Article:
1

This question already has an answer here:

I have an old photo of my brother which is 29KB and resolution is 461 × 491.

I need to print it in a regular image size.

Is there a way to increase its size/resolution? either by iphone app or desktop software (but not Photoshop)

Thanks!

marked as duplicate by Matt Grum, mattdm, chills42 Jul 25 '14 at 12:02

This question has been asked before and already has an answer. If those answers do not fully address your question, please ask a new question.

  • 1
    Not without significant loss of quality – ElendilTheTall Jul 25 '14 at 6:09
4

Short answer: Oh, boy...

Long answer:

The way exists, of course. However, the quality most probably will be very low because the difference in dimensions are too big.

I assume that "print it in a regular image size" from your question talks about an image somewhere around 6 MPixels, which is rather conservative. Perhaps other would say 8 Mpixels.

Anyway your image is 0.22 MPixels. Waaaay too small. There is way too much information which is missing and even the best interpolation algorithms (aka. resampling kernels) cannot "guess" such a big amount of data to fill it up.

Also, what makes the things worse is that different kernels give different results, depending on what kind of image you have.

If you take this path you can download a free image manager like XnView MP or FastStone Viewer and try there different kernels/methods:

XnView MP Resize/Resample dialog

(XnView MP Resize/Resample dialog above)

There are also other algorithms which claim somewhat better results (for ex. Alien Skin Blow Up) but these are not free products (usually these are paid plugins for Photoshop) and, anyway, they claim good resize till "just" @300% in best case which is far away in your case.

Beside above, another thing which you can do is to do the upscale in steps: scale to 200% using the Kernel/Method 1, after this Sharpen if needed, after this scale to 200% using the Kernel 2 etc. Do it step by step and look and how the intermediate steep looks in your eyes. Apply the appropriate filter/scaling algorithm in order to keep the picture 'on track'.

Also, 29KB file size for an image spells to me "JPEG" which is a lossy compression which can have artifacts, complicating the things even more.

OTOH, I didn't saw the picture but if this is a computer art or any other form of imagery which can be traced then there exists another approach: intelligent tracing and resampling - but there you need to be a geek to find/write the program. In this case, tough, the results are quite impressive. Go here and hover the mouse over the blue algorithm names to see the comparison.

In fact this kind of problem is rather art & craft than straightforward. And most probably the result will not hold up to (your) print quality standards.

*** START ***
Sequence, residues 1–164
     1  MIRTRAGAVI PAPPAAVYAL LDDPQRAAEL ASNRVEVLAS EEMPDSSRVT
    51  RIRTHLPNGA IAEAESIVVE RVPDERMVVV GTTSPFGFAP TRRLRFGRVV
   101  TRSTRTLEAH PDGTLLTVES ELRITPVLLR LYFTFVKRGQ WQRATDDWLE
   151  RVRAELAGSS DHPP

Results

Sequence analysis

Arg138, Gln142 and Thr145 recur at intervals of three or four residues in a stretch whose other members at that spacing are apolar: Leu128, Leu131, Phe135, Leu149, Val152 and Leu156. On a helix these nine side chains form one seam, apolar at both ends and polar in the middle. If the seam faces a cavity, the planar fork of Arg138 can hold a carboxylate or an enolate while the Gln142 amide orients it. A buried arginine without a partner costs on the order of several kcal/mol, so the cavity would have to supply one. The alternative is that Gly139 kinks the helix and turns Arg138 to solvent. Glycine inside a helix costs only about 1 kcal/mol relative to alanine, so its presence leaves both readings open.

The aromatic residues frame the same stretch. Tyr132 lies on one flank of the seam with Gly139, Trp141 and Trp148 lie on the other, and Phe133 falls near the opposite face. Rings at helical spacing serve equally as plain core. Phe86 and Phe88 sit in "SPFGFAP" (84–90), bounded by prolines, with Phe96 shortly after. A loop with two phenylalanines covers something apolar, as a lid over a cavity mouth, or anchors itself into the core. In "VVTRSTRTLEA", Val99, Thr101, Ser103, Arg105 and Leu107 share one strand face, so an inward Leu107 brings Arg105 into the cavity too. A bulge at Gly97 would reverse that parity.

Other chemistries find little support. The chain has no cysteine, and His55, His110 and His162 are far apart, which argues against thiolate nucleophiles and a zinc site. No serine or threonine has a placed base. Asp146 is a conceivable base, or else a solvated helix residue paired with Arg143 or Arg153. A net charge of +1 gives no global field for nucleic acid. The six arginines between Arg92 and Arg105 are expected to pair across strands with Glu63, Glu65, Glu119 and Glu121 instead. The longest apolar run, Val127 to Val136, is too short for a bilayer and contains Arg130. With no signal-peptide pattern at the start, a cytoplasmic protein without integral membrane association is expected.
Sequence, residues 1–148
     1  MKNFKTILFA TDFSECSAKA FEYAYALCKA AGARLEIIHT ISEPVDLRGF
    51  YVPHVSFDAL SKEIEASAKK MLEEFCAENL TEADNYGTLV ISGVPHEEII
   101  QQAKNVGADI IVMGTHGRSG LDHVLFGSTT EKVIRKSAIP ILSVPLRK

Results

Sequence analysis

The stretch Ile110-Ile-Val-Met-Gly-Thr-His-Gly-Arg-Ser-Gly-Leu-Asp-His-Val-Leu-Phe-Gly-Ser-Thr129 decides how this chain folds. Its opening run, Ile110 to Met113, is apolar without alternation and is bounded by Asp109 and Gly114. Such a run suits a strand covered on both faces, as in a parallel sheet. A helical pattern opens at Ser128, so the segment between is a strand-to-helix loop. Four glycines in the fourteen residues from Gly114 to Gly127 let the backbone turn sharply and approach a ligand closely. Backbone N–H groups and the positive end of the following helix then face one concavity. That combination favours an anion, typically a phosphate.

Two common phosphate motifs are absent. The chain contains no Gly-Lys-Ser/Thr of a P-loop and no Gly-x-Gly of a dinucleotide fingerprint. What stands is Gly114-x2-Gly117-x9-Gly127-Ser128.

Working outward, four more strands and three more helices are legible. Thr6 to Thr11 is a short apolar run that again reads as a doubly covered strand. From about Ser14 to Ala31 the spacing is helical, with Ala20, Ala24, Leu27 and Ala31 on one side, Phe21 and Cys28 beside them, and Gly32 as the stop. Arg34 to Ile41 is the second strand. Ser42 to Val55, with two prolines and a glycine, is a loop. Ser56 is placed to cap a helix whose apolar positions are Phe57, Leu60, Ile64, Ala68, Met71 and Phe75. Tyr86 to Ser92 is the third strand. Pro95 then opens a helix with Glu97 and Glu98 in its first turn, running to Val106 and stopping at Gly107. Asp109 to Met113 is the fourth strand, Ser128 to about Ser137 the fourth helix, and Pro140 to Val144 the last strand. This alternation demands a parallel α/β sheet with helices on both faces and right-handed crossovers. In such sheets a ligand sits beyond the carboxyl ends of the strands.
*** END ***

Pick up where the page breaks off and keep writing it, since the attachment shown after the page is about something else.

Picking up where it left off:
3

The act of adding pixels to make the image larger (without adding extra information (this is an important point)) is a basic function of any image processor. There are any number of applications that can do this, however NO image processors can add information to your image, at least not automatically. They can use the information that is already there to have a guess at what might have been there when the photo was taken, but this is not at all perfect and has it's limitations.

You gain very little by enlarging the size of the photo because 461x491 is the entirety of the information that you have to work with. Enlarging the photo can sometimes be useful as it can be used to disguise the edges of the pixels.

Assuming 200 ppi (pixels per inch) as acceptable quality for a regular sized (assuming long edge is 6") print, you would need an image that is 1127x1200 pixels.

Here I have scaled a larger image to 1127x1200, then taken a crop fro the middle, scaled the image to 461x491, taken an equivalent crop and then scaled the image back to 1127x1200 and again taken an equivalent crop. We can see that the original image is sharp and defined, whereas the image that has been scaled back to it's original size after being scaled down is a lot less sharp. This demonstrates that the image has lost a lot of the original information. However we can see that the use of an interpolation method has meant the image may be in a better state for printing (depending on your needs), with less defined edges to the pixels. BUT the scaled images are nowhere near as detailed as the original. I used GIMP for this, which is a free and powerful image editing program.

enter image description hereenter image description here
Original 1127x1200 crop                                     Rescaled 1127x1200 crop using cubic interpolation

enter image description hereenter image description hereScaled 461x491 crop
Rescaled 1127x1200 crop using no interpolation

2

You can print a 461 by 491 image at whatever size you want, but it isn't going to have any more detail than it has right now. You can't invent detail, you can create new pixels that will make a smooth shading to make it seem less pixely, but it will then just seem more blurry. Unfortunately, at that low of resolution, you really are not going to be able to do much at any reasonable kind of quality level.

Not the answer you're looking for? Browse other questions tagged or ask your own question.